“The aim and final end of all music should be none other than the glory of God and the refreshment of the soul. If heed is not paid to this it is not true music but a diabolical bawling and twanging.” -Johann Sebastian Bach
“In The Name Of The Lord”
Who was Franz Joseph Haydn?
Firstly, like his predecessor Bach, he was a man who had respect for his God. Indeed, he would usually dedicate each performance to the glory of God , with such words as “in nomine Domini” (“in the name of the Lord”).
Today we take a snippet into the life of the “most celebrated composer of his time,’ Franz Joseph Haydn (1732 -1809),
– affectionately known as “Papa.”
Haydn has been acclaimed as “the principal engineer of the classical style,” and his influence knew no boundaries. Among those his music impacted were Mozart and Ludwig van Beethoven, who was also his student.
Born in Rohrau, Austria in 1732, Haydn – among all his many accomplishments – was the developer of the string quartet. He performed as a keyboardist and had a major influence on symphonic composition.
Chorister At Five
At aged five , Hayden was asked to join the school choir at St.Stephen’s Cathedral in Vienna. There, he learned singing, harpsichord, violin and theory.
“That boy doesn’t sing, he crows”
However, began to go downhill for Haydn, when, at aged 16, he lost his angelic voice. He left the choir after his voice was described by Habsburg Empress, Maria Theresa, as crowing, instead of singing.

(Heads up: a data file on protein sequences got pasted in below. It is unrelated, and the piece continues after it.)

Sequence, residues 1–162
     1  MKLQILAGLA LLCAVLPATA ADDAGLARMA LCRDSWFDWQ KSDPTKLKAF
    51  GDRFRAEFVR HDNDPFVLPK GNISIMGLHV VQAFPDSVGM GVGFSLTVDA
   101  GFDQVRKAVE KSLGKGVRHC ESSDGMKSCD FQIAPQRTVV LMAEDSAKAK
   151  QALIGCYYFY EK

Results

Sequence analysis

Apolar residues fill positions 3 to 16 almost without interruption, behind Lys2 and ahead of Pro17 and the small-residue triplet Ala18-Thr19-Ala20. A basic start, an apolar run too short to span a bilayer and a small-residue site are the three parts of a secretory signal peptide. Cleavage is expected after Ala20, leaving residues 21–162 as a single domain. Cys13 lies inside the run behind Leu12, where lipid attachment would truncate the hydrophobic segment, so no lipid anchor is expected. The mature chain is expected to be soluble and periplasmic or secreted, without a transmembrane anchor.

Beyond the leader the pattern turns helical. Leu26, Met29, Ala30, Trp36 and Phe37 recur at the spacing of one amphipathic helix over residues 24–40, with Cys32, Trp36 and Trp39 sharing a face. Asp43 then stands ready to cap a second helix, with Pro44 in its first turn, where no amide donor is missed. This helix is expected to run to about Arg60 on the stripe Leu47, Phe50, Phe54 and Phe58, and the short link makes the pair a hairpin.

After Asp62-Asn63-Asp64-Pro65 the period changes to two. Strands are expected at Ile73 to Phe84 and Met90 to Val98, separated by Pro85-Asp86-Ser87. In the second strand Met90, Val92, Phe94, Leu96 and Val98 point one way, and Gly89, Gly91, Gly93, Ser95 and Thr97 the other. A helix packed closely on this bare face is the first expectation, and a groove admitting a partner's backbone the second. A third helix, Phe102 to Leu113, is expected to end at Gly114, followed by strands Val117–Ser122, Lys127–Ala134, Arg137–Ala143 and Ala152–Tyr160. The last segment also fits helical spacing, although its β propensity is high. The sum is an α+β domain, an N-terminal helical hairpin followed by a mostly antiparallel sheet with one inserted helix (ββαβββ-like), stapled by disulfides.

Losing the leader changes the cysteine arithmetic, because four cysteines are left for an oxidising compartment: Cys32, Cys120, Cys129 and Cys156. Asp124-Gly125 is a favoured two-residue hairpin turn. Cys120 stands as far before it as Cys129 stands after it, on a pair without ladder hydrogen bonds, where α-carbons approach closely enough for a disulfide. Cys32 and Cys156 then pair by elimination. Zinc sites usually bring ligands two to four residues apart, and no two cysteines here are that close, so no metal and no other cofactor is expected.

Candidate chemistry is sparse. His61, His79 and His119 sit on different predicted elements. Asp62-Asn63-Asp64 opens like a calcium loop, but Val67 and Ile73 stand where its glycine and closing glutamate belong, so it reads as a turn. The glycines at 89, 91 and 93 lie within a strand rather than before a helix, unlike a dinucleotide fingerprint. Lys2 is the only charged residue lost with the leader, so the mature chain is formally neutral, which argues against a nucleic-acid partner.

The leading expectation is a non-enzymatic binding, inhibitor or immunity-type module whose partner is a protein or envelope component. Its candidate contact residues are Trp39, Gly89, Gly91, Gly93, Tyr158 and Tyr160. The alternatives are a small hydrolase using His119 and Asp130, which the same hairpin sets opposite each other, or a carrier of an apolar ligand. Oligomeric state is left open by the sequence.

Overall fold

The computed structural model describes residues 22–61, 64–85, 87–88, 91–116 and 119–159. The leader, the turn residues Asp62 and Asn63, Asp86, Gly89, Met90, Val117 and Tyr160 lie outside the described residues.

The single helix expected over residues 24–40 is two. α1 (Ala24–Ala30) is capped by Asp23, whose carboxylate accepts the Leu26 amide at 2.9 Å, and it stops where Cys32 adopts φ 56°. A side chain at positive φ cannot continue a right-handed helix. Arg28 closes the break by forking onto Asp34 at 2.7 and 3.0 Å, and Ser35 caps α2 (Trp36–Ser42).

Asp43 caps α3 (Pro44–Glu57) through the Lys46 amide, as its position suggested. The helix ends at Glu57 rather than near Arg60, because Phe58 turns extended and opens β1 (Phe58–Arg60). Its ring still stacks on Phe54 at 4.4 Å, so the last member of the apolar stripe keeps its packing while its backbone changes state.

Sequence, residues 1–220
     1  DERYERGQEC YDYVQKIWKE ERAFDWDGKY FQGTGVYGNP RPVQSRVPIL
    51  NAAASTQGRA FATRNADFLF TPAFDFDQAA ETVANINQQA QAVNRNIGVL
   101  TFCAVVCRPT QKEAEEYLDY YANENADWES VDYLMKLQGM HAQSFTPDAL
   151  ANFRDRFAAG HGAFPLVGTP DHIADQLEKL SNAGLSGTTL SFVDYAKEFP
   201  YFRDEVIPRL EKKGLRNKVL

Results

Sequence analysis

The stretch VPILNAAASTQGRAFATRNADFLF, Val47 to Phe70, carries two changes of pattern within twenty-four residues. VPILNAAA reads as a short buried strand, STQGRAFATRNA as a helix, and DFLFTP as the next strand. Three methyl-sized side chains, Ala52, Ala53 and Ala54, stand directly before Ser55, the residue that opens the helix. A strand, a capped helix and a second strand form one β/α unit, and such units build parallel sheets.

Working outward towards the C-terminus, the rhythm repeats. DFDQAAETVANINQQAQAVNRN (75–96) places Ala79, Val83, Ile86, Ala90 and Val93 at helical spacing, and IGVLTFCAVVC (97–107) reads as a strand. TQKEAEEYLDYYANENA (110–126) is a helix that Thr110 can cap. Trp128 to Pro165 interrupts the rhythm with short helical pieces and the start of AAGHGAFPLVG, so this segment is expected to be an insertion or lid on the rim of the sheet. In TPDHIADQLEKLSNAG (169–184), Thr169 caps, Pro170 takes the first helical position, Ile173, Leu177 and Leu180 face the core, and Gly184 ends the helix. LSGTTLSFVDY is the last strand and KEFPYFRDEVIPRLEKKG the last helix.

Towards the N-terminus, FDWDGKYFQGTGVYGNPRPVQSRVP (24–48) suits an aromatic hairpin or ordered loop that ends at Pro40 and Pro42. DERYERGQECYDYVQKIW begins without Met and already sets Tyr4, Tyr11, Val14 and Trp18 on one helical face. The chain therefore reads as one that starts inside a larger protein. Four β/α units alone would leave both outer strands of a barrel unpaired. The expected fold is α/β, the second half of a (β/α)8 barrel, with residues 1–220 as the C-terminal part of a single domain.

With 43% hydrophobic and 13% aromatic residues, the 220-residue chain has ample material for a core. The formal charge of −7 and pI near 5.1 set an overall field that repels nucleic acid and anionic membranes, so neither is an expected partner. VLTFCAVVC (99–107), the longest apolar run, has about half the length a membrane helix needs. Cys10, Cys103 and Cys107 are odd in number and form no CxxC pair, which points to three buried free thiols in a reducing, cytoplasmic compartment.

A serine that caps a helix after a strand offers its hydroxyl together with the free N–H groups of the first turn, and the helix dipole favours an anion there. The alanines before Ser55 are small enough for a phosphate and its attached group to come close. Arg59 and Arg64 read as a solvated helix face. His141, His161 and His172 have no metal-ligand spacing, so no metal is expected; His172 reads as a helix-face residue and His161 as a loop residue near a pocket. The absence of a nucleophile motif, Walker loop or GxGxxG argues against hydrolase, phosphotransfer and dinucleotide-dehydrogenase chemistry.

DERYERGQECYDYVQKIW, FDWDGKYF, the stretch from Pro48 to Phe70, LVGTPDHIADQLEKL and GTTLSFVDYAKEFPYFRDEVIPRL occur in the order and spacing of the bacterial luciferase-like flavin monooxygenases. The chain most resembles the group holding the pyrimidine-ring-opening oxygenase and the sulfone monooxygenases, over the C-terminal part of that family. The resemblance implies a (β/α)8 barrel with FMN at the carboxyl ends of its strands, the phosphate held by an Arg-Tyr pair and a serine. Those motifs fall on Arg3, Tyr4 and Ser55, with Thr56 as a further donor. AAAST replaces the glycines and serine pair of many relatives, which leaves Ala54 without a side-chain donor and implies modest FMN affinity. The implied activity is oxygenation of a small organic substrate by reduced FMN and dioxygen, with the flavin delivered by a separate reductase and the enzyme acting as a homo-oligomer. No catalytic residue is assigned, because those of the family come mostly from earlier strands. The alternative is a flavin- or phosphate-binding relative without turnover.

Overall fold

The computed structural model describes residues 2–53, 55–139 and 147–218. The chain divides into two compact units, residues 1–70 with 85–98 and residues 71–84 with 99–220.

It was later discovered that Haydn had developed Nasal polyps, in which his nose had a bulbous and disfigured look to it. This, at times became so uncomfortable, he was unable to compose.
The Miracle Symphony
During the premiere of Haydn’s symphony No.96, a chandelier fell from the ceiling, but miraculously no one was injured. Thus it became known as the miracle symphony.
Haydn spent several years in London composing symphonies and it was there he created a piece which is still used as the national anthems for both Austria and Germany.
A Musical Prankster
Not only did Haydn have a keen sense of humor, but was also known as a prankster. As a chorister, he cut the pigtail of another boy chorister and was canned in public. This humor also translated into his music such as his string quartet in E-flat (sub-titled the “Joke”), in which there are false endings in an effort to “catch” the audience.
Napoleon & Haydn
In 1809, Napoleon invaded Vienna. However, Haydn, now ailing, had gained such respect all across Europe that he was given protection. In fact, Napoleon had assigned two sentries to guard Haydn so that he wouldn’t have to move.
Friends, contemporaries, and musical greats, Mozart and Haydn invited each other to their musical performances. In fact, so strong was the bond that Mozart’s Requiem was the music played at Haydn’s funeral in 1809.
Any comments, questions and suggestions will be are greatly appreciated.
Sources: San Francisco Classical Voice & Classic FM, the world’s greatest music.